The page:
Wednesday, April 27, 2011


Stringent rules for electronic passports have forced Philippine consular officials across America to travel greater distances and for longer periods to reach out to Filipinos.

The challenge is especially acute for the Washington DC jurisdiction because it spans tens of thousands of square miles south of the capital, from America ’s Sunbelt all the way to the Caribbean islands.

“Starting in 2007 when we started issuing machine-readable passports and 2009 when we started issuing electronic passports which both require personal appearances, we had to conduct more outreach services,” explained Washington DC Consul General Domingo “Ding” Nolasco.

The number of outreach events increased from 4 in 2006 to 11 last year. For the first three months of 2011, Nolasco said they’ve already done 5 outreach events in Virginia Beach; Montgomery , Alabama ; Buford , Georgia ; and Tampa , Florida . They’re scheduled to be in Havelock, North Carolina at the end of the month.

Unlike the old passports that can be filled out by mail, applicants for e-passports have to be physically present to have their photographs taken and for capturing biometric information. Just last week, Nolasco revealed, over a hundred applicants trooped to the Washington DC Consulate, setting a new record.

But when they go on outreach missions, work at the Consulate slows down because they have to bring along pieces of equipment for processing e-passports. Nolasco tells the Manila Mail that they have 2 portable sets that can capture data from up to 45 applicants within an 8-hour period. It takes 7 to 10 minutes to process each application.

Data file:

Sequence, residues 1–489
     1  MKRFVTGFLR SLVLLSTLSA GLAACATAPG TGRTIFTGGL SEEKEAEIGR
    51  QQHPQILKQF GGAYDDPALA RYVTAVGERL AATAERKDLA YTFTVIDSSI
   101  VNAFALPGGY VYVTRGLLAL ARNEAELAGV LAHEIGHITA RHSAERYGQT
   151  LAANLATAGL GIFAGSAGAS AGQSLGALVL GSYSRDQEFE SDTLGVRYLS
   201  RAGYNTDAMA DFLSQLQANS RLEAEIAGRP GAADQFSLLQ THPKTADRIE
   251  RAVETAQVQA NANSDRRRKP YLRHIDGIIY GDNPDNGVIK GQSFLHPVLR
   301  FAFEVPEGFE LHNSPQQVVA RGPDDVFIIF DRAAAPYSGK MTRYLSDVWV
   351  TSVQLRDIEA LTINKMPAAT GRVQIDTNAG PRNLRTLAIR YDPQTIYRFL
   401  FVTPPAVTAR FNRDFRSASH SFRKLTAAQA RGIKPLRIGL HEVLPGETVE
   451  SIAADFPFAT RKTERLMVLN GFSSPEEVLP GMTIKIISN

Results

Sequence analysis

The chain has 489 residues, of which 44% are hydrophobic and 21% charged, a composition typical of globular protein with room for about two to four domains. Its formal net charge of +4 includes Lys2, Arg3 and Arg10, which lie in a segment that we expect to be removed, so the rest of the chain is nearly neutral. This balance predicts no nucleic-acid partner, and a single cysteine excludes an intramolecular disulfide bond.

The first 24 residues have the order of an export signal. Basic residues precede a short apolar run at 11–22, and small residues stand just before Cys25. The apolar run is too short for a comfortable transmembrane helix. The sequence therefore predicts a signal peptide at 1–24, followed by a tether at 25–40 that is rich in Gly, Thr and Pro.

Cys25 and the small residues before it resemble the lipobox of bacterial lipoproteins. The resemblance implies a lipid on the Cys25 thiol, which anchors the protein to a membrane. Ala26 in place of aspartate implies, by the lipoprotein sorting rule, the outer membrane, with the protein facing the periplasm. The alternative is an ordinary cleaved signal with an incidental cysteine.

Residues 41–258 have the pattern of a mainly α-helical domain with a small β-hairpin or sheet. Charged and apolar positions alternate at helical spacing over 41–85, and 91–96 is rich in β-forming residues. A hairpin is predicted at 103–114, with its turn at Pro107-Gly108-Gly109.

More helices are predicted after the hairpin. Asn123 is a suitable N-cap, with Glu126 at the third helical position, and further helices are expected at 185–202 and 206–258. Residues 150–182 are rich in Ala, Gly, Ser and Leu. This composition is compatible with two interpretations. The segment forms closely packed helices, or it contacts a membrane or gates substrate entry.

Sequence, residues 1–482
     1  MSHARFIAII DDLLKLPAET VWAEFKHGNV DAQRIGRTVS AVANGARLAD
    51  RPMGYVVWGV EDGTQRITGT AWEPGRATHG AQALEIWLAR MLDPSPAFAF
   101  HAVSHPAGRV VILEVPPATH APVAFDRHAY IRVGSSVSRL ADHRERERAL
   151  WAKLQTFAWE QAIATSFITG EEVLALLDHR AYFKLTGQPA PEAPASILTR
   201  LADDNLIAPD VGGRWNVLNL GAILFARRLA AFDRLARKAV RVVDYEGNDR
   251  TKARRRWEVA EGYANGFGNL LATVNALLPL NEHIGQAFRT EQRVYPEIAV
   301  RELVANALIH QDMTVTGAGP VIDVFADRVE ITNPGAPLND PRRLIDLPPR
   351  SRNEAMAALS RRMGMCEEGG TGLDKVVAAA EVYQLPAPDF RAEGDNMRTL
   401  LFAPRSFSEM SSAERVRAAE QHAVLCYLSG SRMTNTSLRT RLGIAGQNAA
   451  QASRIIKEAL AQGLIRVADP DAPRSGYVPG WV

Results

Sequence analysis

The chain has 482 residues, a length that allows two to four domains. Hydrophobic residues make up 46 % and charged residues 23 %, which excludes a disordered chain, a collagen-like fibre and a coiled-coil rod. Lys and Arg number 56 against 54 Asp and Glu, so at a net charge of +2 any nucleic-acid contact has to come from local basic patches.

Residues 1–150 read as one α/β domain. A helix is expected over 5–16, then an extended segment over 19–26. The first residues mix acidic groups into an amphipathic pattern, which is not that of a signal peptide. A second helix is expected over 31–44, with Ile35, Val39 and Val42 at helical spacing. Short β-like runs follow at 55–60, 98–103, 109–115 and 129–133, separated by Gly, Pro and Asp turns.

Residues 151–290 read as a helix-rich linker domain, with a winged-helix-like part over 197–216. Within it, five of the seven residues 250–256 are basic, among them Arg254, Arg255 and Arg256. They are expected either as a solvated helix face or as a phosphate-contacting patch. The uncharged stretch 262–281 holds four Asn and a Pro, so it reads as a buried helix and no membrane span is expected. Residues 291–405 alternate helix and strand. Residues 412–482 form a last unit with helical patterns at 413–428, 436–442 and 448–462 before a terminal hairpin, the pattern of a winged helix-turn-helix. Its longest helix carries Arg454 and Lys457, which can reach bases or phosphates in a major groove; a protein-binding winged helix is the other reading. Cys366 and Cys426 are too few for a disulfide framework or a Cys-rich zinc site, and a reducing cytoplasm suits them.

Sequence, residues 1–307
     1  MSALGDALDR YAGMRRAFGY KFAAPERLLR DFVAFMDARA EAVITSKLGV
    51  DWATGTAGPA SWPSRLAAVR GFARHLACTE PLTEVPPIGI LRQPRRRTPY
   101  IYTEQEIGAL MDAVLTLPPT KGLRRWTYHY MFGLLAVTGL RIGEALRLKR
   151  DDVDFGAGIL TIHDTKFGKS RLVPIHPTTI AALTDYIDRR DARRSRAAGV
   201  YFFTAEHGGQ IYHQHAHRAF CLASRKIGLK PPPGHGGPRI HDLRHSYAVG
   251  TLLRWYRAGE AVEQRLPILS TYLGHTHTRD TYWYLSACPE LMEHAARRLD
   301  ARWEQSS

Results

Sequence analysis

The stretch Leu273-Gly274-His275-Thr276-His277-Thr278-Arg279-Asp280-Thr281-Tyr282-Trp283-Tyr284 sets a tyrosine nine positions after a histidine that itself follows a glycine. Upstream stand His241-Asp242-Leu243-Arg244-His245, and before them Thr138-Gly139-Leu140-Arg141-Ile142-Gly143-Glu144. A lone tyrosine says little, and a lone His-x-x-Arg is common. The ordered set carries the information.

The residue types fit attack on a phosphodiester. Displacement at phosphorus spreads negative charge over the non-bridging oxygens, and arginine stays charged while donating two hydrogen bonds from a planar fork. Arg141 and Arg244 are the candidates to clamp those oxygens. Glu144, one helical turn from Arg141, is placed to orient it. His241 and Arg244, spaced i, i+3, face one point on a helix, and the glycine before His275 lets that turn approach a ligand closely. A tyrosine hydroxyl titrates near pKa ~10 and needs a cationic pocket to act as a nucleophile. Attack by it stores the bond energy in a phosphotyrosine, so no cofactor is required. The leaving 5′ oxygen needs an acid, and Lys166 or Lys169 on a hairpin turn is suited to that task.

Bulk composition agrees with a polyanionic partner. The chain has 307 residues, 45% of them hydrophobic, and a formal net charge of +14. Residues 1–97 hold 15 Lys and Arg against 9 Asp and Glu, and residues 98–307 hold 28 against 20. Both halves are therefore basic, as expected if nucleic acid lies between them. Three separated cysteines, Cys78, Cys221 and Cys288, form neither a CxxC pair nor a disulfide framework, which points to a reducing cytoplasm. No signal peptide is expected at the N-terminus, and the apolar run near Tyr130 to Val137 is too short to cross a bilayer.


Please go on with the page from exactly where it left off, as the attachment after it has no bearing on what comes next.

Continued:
However, server capacity that allows all that information to be fed instantaneously to Manila is limited. The e-passports are produced by the Bangko Sentral ng Pilipinas printing office, the same facility that turns out the country’s money, and flown to the US by diplomatic pouch.

“The outreach is added load on our staff,” Nolasco explained. “They work from Monday to Friday and when there’s an outreach, they have to give up their weekends and time with their family.” That is why, he added, he insists staffers volunteer for the outreach work.

Outreaches always involve long road trips because the government can’t afford to pay for plane tickets. To get to Tampa , for instance, they had to drive more than 18 hours. “We used to take the plane to Florida but to save cost and ensure the safety of the machines and documents we carry, we’ve opted to travel by land instead,” Nolasco averred.

And getting to their destinations can sometimes be the least of their worries. “Community organizations that help us with the outreach sometimes insist on inserting their friends and relatives in the queue. Personally, I feel sorry that we can not accommodate all the people that come to the outreach sites,” he lamented.

He also rued about people who refuse to get in line or don’t even want to speak Tagalog or treat the consulate staff in a “condescending manner”.

Still, there are many advantages to outreach work, Nolasco admitted. “Aside from the consular service, we are able to register more Filipinos for overseas absentee voting, promote tourism in the Philippines and brief contract workers on their rights and privileges.”

More importantly, they get huge satisfaction from knowing they’ve somehow eased the burden of Filipinos who would otherwise have to make the trek to Washington DC .

Nolasco said the machines they have is sufficient for the meantime. “If we add more portable machines then we have to add more staff for weekend duty,” he explained.

“This is service beyond the call of duty for our staff,” he stressed

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